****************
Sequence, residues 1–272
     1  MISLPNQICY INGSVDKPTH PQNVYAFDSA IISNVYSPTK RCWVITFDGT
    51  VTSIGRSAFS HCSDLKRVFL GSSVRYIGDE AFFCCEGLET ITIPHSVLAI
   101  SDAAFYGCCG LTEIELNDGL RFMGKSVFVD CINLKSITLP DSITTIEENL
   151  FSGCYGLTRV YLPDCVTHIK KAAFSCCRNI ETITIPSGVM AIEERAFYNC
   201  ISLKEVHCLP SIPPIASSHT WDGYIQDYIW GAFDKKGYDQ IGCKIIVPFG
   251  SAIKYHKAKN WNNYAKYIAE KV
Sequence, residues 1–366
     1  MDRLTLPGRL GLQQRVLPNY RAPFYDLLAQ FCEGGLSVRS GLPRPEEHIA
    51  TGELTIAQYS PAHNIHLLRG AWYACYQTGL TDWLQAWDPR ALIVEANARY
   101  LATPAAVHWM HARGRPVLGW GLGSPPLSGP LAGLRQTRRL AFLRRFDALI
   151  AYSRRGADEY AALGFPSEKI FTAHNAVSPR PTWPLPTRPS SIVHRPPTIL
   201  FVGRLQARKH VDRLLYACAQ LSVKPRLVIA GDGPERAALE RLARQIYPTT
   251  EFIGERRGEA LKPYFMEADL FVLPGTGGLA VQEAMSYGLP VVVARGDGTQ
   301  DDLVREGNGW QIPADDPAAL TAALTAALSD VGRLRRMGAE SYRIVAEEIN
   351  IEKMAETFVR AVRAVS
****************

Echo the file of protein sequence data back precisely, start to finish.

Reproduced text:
Sequence, residues 1–272
     1  MISLPNQICY INGSVDKPTH PQNVYAFDSA IISNVYSPTK RCWVITFDGT
    51  VTSIGRSAFS HCSDLKRVFL GSSVRYIGDE AFFCCEGLET ITIPHSVLAI
   101  SDAAFYGCCG LTEIELNDGL RFMGKSVFVD CINLKSITLP DSITTIEENL
   151  FSGCYGLTRV YLPDCVTHIK KAAFSCCRNI ETITIPSGVM AIEERAFYNC
   201  ISLKEVHCLP SIPPIASSHT WDGYIQDYIW GAFDKKGYDQ IGCKIIVPFG
   251  SAIKYHKAKN WNNYAKYIAE KV
Sequence, residues 1–366
     1  MDRLTLPGRL GLQQRVLPNY RAPFYDLLAQ FCEGGLSVRS GLPRPEEHIA
    51  TGELTIAQYS PAHNIHLLRG AWYACYQTGL TDWLQAWDPR ALIVEANARY
   101  LATPAAVHWM HARGRPVLGW GLGSPPLSGP LAGLRQTRRL AFLRRFDALI
   151  AYSRRGADEY AALGFPSEKI FTAHNAVSPR PTWPLPTRPS SIVHRPPTIL
   201  FVGRLQARKH VDRLLYACAQ LSVKPRLVIA GDGPERAALE RLARQIYPTT
   251  EFIGERRGEA LKPYFMEADL FVLPGTGGLA VQEAMSYGLP VVVARGDGTQ
   301  DDLVREGNGW QIPADDPAAL TAALTAALSD VGRLRRMGAE SYRIVAEEIN
   351  IEKMAETFVR AVRAVS